Millions fear starvation as Somalia’s situation ‘deteriorates fast,’ UN warns

The situation in Somalia, where four million people are at risk of starvation, is “deteriorating rapidly” and risks being overshadowed by Russia’s invasion of Ukraine, the United Nations has warned.

News Keydmedia Online
Millions fear starvation as Somalia’s situation ‘deteriorates fast,’ UN warns

The country is in the grips of its worst drought for decades, and around 650,000 people have been forced to flee their homes in the last year as three years of little or no rain has decimated crops and increased the prices of food and water.

According to the UN, roughly 1.4 million children are acutely malnourished – including nearly 329,500 who are likely to be severely malnourished.

Experts say that a humanitarian catastrophe was avoided last year thanks to government and donor assistance, but fears are mounting that the international community is currently too distracted to help.

“The situation is grave and deteriorating rapidly,” said says Adam Abdelmoula, UN humanitarian coordinator for Somalia.

“The outlook was already grim prior to the outbreak of the Ukraine crisis. We have been overshadowed by the crisis in Tigray, Yemen, Afghanistan and now Ukraine seems to suck all the oxygen that is in the room,” he added. 

The UN says that around $1.5 billion is needed to ward off the humanitarian crisis – but just three per cent of that figure has been secured.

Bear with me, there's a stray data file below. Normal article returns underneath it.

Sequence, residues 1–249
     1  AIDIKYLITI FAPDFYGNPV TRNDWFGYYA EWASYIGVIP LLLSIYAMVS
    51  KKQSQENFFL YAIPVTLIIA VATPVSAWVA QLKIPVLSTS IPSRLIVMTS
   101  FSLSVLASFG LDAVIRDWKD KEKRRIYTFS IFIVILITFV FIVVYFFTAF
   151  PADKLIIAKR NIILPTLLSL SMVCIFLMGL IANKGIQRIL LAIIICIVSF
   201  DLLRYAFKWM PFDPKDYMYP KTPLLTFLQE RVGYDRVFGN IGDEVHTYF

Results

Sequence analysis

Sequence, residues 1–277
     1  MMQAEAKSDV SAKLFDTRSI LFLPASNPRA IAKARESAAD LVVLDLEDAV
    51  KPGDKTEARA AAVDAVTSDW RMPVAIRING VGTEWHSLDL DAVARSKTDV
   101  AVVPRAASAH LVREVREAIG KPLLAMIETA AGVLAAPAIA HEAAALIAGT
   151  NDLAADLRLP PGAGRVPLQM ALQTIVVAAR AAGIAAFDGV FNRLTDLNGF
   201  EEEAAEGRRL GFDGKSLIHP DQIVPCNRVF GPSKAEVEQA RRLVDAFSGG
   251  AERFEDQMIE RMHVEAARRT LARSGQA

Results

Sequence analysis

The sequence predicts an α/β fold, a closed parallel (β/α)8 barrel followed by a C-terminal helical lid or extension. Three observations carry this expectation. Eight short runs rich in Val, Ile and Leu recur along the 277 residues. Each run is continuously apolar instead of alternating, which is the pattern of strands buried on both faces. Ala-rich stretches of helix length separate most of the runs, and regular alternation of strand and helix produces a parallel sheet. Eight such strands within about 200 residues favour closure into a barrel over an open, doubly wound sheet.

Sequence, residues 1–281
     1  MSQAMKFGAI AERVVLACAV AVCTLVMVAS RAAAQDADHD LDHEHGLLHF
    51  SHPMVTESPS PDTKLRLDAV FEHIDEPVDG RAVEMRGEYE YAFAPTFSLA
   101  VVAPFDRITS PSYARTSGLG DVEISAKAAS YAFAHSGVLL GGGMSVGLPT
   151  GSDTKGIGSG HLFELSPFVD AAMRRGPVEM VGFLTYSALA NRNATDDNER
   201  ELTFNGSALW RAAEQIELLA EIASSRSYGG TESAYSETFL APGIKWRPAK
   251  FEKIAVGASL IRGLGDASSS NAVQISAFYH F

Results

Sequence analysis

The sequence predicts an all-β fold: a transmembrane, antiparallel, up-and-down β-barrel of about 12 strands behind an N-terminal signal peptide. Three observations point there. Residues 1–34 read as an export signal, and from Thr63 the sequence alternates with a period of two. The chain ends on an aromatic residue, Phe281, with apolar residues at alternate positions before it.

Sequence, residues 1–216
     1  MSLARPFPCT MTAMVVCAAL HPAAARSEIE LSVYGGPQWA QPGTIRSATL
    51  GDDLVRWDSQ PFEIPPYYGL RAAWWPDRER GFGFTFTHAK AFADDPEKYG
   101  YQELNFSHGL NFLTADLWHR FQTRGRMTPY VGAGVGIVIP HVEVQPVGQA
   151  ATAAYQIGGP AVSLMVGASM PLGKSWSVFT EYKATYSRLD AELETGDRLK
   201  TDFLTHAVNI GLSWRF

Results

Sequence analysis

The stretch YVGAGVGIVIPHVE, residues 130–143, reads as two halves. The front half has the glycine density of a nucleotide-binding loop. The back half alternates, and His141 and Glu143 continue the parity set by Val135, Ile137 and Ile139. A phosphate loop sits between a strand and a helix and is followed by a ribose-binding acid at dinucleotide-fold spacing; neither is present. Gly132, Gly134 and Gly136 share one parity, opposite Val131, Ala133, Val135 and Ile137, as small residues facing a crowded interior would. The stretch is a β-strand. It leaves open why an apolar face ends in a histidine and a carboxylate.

This has raised fears of a repeat of 2011, when 260,000 people – half of them children – died of hunger or hunger-related issues. In contrast, a famine was averted in 2017 following the quick and effective mobilisation of the international community.

'Urgent' action needed

Unless humanitarian assistance is “urgently scaled up”, water and pasture shortages will increase widespread population displacement which accelerated rapidly in November and December. Almost 700,000 camels, goats, sheep and cattle died during the two-month period due to the lack of food caused by erratic rainfall.

Data shows that cumulative rainfall was 40 to 60 per cent lower than average across most parts of southern, central and northern Somalia. 

This led to the third lowest harvest in southern Somalia since 1995. The region’s cereal production in 2021 is estimated to be 58 per cent below the 1995-2020 average – and there are some concerns that disruption to international supply chains due to the war in Ukraine could also have a major impact on Somalia’s food security. 

The humanitarian disaster is also expected to worsen as the latest forecast suggests “moderately below-average rainfall” in April. The arid country already has 2.9 million internally displaced persons due to a combination of climate-related disasters and the terrorist group al-Shabaab which governs large parts of the territory.

Save the Children warned that there was only a “narrow window to prevent a major humanitarian disaster in Somalia”. The charity urged leading members of Somalia’s government to put aside political differences and focus on combating the drought.

The lack of rainfall is also causing widespread hunger and mass relocation in parts of Ethiopia and Kenya. The UN says that 2.9 million people in eastern Kenya are in urgent need of aid and 2.7 million people in Ethiopia.

The Horn of Africa, already one of the most impoverished regions in the world, has been hit by several disasters over the last few years including severe drought, reoccurring swarms of locusts and Covid-19.

Despite this, the UN’s humanitarian coordinator for Somalia said the region had lost the “CNN effect” of being able to motivate charitable action.

Commenting is not available in this channel entry.